An Indianapolis police detective who knowingly falsified information in an affidavit that led to the imprisonment of a man charged with murdering his elderly mother lost an appeal Tuesday and must face the falsely accused man’s civil lawsuit.
The 7th Circuit Court of Appeals affirmed a Southern District Court ruling that the detective’s affidavit failed to establish probable cause against the victim’s son, violating his Fourth Amendment rights.
Forty minutes after a 911 call was placed, Indianapolis Metropolitan Police Department detective Charles Benner responded and arrived at the scene of an 88-year-old woman’s apartment where her son, William Rainsberger, had found her laying on the floor, her head covered by a bloody blanket. Rainsberger told paramedics he thought she had received blunt force trauma to the head, but he did not look under the blanket to check for fear of increased bleeding.
After giving statements to Benner, Rainsberger returned to the IMPD station the next day per Benner’s request to hear the autopsy results. However, Benner accused Rainsberger of murdering his mother for her money and was asked to take a polygraph. Without waiting for Rainsberger’s DNA results, Benner submitted a probable cause affidavit to the Marion County prosecutor, which was denied.
A second almost-identical probable cause affidavit was submitted in May 2014, without the DNA evidence. It instead included cell phone records to suggest that Rainsberger had called his brother from his mother’s apartment at 2:40 p.m. — hours after she was attacked and a little more than an hour before Rainsberger called 911. The affidavit also stated that cell phone tower location data could not place Rainsberger outside the area of his mother’s apartment during the relevant period.
Rainsberger was ultimately charged with the murder of his mother and spent two months in jail before being released on bail. A prosecutor later dismissed the case due to evidentiary problems and the charges were dropped. Rainsberger sued Benner under 42 U.S.C. § 1983, asserting that Benner had violated his Fourth Amendment rights.
The U.S. District Court for the Southern District of Indiana denied Benner’s motion for summary judgment, holding that a reasonable jury could find that Benner knowingly or with reckless disregard for the truth made false or misleading statements in his affidavit. It further denied Benner’s request for qualified immunity, finding that probable cause did not exist without the false or misleading statements, and that he violated the Fourth Amendment.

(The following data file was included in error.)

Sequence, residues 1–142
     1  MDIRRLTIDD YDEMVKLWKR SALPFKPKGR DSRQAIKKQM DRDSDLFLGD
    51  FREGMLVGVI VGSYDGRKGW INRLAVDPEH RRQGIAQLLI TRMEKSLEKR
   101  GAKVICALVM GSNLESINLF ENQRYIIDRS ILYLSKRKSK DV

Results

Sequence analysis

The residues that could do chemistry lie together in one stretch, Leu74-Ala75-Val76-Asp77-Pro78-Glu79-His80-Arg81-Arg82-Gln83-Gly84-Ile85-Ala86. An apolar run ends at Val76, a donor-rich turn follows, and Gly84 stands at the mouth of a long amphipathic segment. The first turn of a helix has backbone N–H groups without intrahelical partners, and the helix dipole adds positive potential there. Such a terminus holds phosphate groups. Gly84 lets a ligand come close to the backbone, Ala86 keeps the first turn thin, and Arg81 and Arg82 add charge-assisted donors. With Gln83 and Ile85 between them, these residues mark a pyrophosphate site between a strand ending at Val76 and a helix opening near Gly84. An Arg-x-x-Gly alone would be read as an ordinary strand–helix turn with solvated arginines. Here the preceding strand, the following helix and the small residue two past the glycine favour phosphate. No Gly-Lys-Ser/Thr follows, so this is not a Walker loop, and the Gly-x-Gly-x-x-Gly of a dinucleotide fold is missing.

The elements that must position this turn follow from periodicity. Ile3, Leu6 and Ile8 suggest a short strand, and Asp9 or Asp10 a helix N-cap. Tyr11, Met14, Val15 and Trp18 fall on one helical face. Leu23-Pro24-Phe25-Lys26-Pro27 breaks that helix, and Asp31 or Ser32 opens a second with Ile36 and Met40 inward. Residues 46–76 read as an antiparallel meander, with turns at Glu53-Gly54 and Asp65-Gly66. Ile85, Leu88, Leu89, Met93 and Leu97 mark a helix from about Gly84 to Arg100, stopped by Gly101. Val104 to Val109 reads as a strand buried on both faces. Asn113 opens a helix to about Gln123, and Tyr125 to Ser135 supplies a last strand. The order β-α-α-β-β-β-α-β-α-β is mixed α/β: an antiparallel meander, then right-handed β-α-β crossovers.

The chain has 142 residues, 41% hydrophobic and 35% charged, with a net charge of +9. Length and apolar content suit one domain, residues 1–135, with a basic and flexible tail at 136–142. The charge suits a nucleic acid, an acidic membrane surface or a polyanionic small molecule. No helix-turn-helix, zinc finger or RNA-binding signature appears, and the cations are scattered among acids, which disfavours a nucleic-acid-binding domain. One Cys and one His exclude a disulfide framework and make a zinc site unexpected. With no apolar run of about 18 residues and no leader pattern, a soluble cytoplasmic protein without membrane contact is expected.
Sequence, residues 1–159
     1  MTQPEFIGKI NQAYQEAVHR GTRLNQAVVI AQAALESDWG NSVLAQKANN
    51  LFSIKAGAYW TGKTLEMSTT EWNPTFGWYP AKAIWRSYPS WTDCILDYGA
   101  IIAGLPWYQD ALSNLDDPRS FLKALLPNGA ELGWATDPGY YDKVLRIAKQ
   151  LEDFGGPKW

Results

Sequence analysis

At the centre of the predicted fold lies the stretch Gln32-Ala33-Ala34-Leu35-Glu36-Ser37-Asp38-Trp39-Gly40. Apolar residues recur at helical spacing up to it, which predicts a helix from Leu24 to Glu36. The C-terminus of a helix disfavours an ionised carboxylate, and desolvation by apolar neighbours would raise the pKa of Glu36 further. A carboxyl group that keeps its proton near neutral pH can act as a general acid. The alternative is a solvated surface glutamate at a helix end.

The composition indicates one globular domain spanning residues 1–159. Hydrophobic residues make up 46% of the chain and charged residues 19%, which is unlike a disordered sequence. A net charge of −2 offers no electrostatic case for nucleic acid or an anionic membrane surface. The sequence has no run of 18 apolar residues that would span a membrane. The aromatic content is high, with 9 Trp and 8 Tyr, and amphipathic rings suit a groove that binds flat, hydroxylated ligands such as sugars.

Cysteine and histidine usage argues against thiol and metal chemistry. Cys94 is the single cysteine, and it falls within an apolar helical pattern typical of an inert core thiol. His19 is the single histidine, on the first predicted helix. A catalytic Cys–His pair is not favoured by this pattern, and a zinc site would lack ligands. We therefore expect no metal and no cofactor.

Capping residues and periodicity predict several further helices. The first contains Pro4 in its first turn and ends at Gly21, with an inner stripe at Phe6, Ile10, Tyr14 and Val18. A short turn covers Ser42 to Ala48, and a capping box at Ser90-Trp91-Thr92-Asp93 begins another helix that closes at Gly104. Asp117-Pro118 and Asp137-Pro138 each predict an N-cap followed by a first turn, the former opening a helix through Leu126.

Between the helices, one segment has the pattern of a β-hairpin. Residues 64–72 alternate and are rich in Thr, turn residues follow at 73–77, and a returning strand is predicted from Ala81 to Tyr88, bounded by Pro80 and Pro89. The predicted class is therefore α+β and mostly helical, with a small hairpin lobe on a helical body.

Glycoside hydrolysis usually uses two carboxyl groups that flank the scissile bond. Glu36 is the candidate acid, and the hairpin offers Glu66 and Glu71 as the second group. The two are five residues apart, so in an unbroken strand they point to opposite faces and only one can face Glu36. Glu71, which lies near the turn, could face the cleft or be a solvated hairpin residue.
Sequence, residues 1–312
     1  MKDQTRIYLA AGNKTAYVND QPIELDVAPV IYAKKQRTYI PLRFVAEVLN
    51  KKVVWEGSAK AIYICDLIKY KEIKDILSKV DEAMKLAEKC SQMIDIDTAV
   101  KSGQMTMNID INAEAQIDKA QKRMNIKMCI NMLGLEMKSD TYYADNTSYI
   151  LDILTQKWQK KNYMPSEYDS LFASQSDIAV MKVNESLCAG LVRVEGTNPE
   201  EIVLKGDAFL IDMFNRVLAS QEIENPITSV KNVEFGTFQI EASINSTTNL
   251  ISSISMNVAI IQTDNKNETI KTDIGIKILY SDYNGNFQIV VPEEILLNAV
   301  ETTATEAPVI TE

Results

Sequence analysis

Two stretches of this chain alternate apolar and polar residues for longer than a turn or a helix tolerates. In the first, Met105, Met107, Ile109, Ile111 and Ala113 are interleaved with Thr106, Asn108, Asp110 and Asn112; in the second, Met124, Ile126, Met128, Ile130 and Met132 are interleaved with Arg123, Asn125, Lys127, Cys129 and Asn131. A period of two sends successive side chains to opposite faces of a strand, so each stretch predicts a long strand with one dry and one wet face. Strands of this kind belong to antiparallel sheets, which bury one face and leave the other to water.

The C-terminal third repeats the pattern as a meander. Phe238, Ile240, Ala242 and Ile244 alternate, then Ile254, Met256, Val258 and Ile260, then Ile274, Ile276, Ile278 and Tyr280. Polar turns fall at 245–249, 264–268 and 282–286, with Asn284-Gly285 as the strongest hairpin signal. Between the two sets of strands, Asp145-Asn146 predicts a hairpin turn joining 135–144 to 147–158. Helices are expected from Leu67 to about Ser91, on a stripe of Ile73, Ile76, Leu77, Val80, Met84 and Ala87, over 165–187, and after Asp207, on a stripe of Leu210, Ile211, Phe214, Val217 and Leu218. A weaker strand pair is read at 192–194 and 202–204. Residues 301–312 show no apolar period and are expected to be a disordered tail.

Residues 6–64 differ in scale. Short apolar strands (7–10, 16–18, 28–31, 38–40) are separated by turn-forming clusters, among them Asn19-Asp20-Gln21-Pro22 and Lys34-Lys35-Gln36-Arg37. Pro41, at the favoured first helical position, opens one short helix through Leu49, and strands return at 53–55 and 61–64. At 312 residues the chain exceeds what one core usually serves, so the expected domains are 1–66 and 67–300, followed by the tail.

On appeal, Benner requested that the 7th Circuit Court of Appeals reverse that decision, which it declined to do in William Rainsberger v. Charles Benner, 17-2521.
Among other things, the panel noted that the most damning information included in the second affidavit were the phone records. Assuming that Benner knew the timestamp was inaccurate yet chose to include it anyway, the court admonished him for failing to note that that the phone call made by Rainsberger had been routed through a cell tower in Chicago, where it was one hour earlier. Thus, despite the 2:40 p.m. time stamp, the call had been placed at 3:40 p.m. Indianapolis time. “It was the call that Rainsberger had made to (his brother) just after he found Ruth and called 911. Benner chose to use the inaccurate and incriminating time in his affidavit,” Judge Amy Coney Barrett wrote for the panel.
The panel further noted Benner continually made false claims and intentionally withheld information throughout the affidavit regarding video footage from a Kroger where Rainsberger had stopped at before finding his mother, evidence of burglary at the scene, Rainsberger’s concern for his mother, and his reaction to being asked to take a polygraph test.
Despite conceding to knowingly or recklessly making false statements in the probable cause affidavit, Benner asserted that he was entitled to qualified immunity, even if he did violate Rainsberger’s Fourth Amendment rights.
“He emphasizes, however, that knowingly or recklessly misleading the magistrate in a probable cause affidavit — whether by omissions or outright lies — only violates the Fourth Amendment if the omissions and lies were material to probable cause,” Barrett wrote. “He claims that his weren’t, but we disagree.
“Materiality depends on whether the affidavit demonstrates probable cause when the lies are taken out and the exculpatory evidence is added in,” Barrett continued. “And when that is done here, Benner’s affidavit fails to establish probable cause to believe that Rainsberger murdered his mother. Because it is clearly established that it violates the Fourth Amendment ‘to use deliberately falsified allegations to demonstrate probable cause,’ … Benner is not entitled to qualified immunity.”
Rainsberger is represented by Indianapolis civil-rights attorney Rich Waples, who said in an email Wednesday that his client "suffered one of the worst losses one can endure — the tragic murder of a family member. Then he was framed for that murder by an overzealous cop who made up evidence against him and ignored evidence which exonerated him.
"When those lies were uncovered by a great criminal defense attorney, David Hennessey, the prosecutor dismissed the criminal case. Mr Rainsberger looks forward to exposing the officer's misdeeds in his federal civil rights trial," Waples said.